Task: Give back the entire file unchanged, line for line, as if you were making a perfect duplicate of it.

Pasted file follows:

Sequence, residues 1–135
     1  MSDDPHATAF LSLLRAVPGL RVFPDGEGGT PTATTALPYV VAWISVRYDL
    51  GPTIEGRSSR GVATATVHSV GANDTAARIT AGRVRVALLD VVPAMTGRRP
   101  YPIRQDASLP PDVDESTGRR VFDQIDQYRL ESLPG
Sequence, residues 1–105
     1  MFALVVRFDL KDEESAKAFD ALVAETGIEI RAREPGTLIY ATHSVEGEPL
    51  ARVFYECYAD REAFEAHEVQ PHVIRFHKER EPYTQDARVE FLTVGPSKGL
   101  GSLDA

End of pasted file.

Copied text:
Sequence, residues 1–135
     1  MSDDPHATAF LSLLRAVPGL RVFPDGEGGT PTATTALPYV VAWISVRYDL
    51  GPTIEGRSSR GVATATVHSV GANDTAARIT AGRVRVALLD VVPAMTGRRP
   101  YPIRQDASLP PDVDESTGRR VFDQIDQYRL ESLPG
Sequence, residues 1–105
     1  MFALVVRFDL KDEESAKAFD ALVAETGIEI RAREPGTLIY ATHSVEGEPL
    51  ARVFYECYAD REAFEAHEVQ PHVIRFHKER EPYTQDARVE FLTVGPSKGL
   101  GSLDA